What Great Clients Know...
I did a lot of freelance consoling during May, mainly because some folk are doing my peeps dirty, but I'm going to try and fix that. Here’s 3 things great clients know:
Freelancers do work for you, not work for you - they set their hours, rates, terms and methods. Employees do the job for you for the price you set, on your terms, how you want it done and when you want it done. Employees also come with salary and benefits expenses and it is illegal to pay them less than minimum wage. See the difference?
Message: Respect the freelancer’s mode of operation.
Real life: You gotta pay the cost to be the boss
Be aware of the verbal contracts you create. Stating that you will engage a freelancer’s services and pay deposit on a certain day/date is a verbal contract and can be held up in a court of law. Most freelancers don’t pursue it, but it is a viable option. And sure, circumstances change, things come up, but without communication, you could be cited for breach of contract. Not to mention it can screw up a schedule and/or a budget. The freelancer with a lawyer on retainer that decides to sue for breach of contract could receive the amount of your project PLUS lost income if they could have someone in your spot.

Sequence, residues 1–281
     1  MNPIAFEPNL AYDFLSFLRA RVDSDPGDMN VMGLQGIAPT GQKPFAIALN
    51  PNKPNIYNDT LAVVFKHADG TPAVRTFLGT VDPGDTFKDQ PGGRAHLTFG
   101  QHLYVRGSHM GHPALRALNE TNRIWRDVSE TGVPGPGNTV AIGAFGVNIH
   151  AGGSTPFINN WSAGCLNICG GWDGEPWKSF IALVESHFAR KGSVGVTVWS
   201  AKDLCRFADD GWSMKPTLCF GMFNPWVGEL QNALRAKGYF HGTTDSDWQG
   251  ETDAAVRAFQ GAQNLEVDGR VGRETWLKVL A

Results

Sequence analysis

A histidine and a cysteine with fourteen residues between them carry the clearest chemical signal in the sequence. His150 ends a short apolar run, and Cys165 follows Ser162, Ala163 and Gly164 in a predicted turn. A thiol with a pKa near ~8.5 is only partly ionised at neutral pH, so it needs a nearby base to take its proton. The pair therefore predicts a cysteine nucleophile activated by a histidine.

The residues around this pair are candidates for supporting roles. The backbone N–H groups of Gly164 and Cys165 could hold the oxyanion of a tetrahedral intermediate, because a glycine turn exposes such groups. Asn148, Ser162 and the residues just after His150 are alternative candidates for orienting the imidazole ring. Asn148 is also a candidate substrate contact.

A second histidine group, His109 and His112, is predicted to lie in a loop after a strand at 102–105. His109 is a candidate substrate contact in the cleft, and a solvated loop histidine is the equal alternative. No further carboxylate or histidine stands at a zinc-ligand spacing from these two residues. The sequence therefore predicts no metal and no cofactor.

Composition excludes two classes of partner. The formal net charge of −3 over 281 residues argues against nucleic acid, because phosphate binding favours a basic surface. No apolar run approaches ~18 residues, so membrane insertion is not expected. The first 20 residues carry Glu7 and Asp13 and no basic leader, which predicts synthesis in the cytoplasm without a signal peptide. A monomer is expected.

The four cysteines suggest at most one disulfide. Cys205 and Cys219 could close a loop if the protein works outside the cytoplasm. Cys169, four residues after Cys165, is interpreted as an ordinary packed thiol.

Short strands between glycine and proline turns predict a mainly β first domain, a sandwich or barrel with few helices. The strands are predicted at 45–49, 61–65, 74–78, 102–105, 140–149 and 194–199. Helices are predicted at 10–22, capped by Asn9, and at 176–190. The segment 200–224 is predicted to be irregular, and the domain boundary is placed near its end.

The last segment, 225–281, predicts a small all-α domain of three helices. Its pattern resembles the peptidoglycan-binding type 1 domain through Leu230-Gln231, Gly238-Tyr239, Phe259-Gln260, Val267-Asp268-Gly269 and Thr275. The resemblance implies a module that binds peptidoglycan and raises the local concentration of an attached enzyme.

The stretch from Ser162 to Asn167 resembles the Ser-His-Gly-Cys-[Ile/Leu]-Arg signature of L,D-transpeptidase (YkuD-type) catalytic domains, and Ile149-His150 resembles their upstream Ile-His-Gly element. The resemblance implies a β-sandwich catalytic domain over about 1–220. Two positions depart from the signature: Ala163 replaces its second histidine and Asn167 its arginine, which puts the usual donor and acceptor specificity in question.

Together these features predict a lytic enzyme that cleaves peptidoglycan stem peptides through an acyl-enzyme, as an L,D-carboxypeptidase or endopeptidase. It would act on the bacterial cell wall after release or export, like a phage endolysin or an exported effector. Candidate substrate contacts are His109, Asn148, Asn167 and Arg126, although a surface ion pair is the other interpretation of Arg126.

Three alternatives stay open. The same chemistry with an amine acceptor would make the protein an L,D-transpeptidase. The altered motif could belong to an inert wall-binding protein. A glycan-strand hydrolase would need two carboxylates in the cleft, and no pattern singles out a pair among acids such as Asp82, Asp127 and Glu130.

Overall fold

Message: If your situation changes let the freelancer know.
Real life: it’s like the cancellation fee your doctor’s office charges if you cancel less than 24 hours in advance.
You get what you pay for. Let’s leave quality out of it for a minute and talk solely in terms of deliverables. I say this often, but when you change the scope of your project, you increase the cost and/or length of time.
Message: If your budget doesn’t allow for the high end package, either save up, make adjustments to your wants list OR invest the time into learning how to do it yourself.
Real life: dollar menu items aren’t on the value meal list
Failure to read and/or comprehend your service contract does not absolve you from your obligation to pay.
Your fee is for the product or service. Whether or not you use it is on you.
Treat your freelancer how you want to be treated in your own biz/on your job.
Your org may be non-profit, but most times the freelancer is not.
Freelancers work freely. For a fee. © 2009-2013 Auntee Rik
Hopefully this list gives you some insight or some confidence that you’re a great client. Happy June!
Until next time,
Disclaimer: These points only take into account those freelancers that handle their biz. If you’re dealing with anyone that does not, switch providers.